Defendant argues that on two of the days when there were shortages, he was not present in the store, that although the evidence showed he signed the reports, he often signed the reports before they were final. The assistant manager testified that on several days when she noticed discrepancies, she called defendant to the store. On one day, he could not find the discrepancy because the cash was no longer available for counting. On another day, he claimed the assistant manager miscounted the money. On the other sales reports that did not match the deposit slips, defendant could not explain the discrepancies, but stated that it must have been an error and not willful conversion. He also suggested the discrepancies might have been due to a machine malfunction. The assistant manager testified, however, that she never noticed any such malfunction.

There was evidence of a $200 discrepancy on a money order defendant admitted selling. The original money order was for $210, but the white copy retained in the store’s records was printed for only $10. Defendant’s explanation was that he sold it to a clerk in his store who later reprinted the face original of the money order. There was also evidence, however, that the $200 discrepancy was not a reprint but was made at the time of the sale, thus implicating defendant.

There was evidence of other money orders sold for which there was no accounting. Defendant presented evidence that a clerk, whose initials appear on the log next to one of the missing money orders, quit the store upon learning of defendant’s dismissal. He argues that her unexplained flight strongly suggests culpability. See State v. Hardison, 81 N.M. 430, 467 P.2d 1002 (Ct.App.1970).

*281All of this evidence created factual questions for the jury. The fact finder may reject defendant’s version of events. See State v. Gattis, 105 N.M. 194, 730 P.2d 497 (Ct.App.1986). Conflicts in the evidence created by defendant’s testimony do not make the state’s evidence insubstantial. See State v. Mora, 81 N.M. 631, 471 P.2d 201 (Ct.App.1970). The question is not whether substantial evidence would have supported an opposite result but whether such evidence supports the result reached. See State v. Sutphin, 107 N.M. 126, 753 P.2d 1314 (1988). Based on the evidence presented, it was reasonable for the jury to reach the conclusion that defendant was responsible for at least a portion of the missing money. Defendant was found guilty of embezzlement over $100 but less than $2,500, a fourth degree felony. There was sufficient evidence to support the verdict. We affirm the trial court on this issue.


After defendant was found guilty, the trial court held a sentencing hearing. At the hearing, the court heard from, among others, the prosecutor, defense counsel, the probation officer who prepared the presentence report, and defendant himself. The judge found aggravating circumstances warranting an increase of six months to the eighteen-month basic sentence provided by law. See NMSA 1978, § 31-18-15.1 (Repl.Pamp.1987). The judgment entered by the court provided in applicable part:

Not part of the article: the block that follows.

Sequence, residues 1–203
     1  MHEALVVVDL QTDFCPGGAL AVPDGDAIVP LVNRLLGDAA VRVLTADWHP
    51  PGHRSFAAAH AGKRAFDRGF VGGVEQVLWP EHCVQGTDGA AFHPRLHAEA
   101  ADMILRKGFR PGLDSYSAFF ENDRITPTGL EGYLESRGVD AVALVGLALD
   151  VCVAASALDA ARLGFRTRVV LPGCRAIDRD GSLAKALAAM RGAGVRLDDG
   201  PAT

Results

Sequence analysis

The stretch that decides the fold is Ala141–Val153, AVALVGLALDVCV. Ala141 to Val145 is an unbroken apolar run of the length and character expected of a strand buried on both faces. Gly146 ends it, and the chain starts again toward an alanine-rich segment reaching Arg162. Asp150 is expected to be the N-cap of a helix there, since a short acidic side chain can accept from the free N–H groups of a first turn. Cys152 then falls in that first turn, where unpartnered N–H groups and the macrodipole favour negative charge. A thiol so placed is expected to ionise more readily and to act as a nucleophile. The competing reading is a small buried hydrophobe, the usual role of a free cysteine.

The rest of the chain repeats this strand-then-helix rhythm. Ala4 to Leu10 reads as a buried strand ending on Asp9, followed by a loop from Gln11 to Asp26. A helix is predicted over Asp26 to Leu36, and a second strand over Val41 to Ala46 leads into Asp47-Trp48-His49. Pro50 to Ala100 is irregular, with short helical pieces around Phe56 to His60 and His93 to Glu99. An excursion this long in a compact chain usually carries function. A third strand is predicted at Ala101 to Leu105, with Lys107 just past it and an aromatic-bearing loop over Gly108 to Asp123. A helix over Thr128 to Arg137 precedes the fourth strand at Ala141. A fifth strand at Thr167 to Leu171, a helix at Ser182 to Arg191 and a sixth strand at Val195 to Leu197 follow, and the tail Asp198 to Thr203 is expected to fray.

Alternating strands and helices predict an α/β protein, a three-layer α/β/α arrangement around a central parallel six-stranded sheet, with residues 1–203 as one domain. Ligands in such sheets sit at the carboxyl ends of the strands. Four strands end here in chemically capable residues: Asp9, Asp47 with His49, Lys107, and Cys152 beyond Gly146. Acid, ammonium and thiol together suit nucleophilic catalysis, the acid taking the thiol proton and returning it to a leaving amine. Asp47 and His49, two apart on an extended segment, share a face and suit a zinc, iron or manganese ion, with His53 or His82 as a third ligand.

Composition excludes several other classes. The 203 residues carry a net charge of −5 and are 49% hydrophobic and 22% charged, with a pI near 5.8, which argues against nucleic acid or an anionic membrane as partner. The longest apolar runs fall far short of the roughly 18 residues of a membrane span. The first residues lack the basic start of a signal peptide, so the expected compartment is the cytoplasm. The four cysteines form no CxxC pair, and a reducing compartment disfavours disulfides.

Defendant is * * * sentenced to be imprisoned by the Department of Corrections for a term of two (2) years with the Court having found aggravating circumstances, to-wit: the Defendant refuses to admit any wrong doing and the Defendant having lied while under oath.
Execution of sentence is hereby suspended with the exception of twelve days already served, and Defendant is ordered placed on probation for a period of five (5) years * * * * [Emphasis added.]

If a court alters the basic sentence because of mitigating or aggravating circumstances, it must state its reasons for the alteration in the record. § 31-18-15.1(A). Defendant argues the trial court’s reasons for aggravating the sentence are improper. He claims that using suspected perjury as a sentencing factor impermissibly chills his right to testify and violates his due process rights because it is, in effect, punishment for a crime without the procedural safeguards of indictment, trial, and conviction. He also argues it is improper for a trial court to consider a defendant’s failure to admit wrongdoing as this infringes on the fifth amendment privilege not to incriminate one’s self.

Although the legislature has fixed basic sentences for non-capital offenses, NMSA 1978, Section 31-18-15 (Repl.Pamp.1987), sentencing judges have discretion to alter the basic sentence by one-third upon a finding of “any mitigating or aggravating circumstances surrounding the offense or concerning the offender.” § 31-18-15.1(A) (emphasis added). Among the factors that may be considered are “unusual aspects of the defendant’s character, past conduct, age, health, any events surrounding the crime, pattern of conduct indicating whether he or she is a serious threat to society, and the possibility of rehabilitation.” State v. Segotta, 100 N.M. 498, 501, 672 P.2d 1129, 1132 (1983); State v. Bernal, 106 N.M. 117, 739 P.2d 986 (Ct.App.1987). Thus, judges have wide discretion in the sources and types of information used to assist them in determining the kind and extent of punishment to be imposed. State v. Montoya, 91 N.M. 425, 575 P.2d 609 (Ct.App.1978).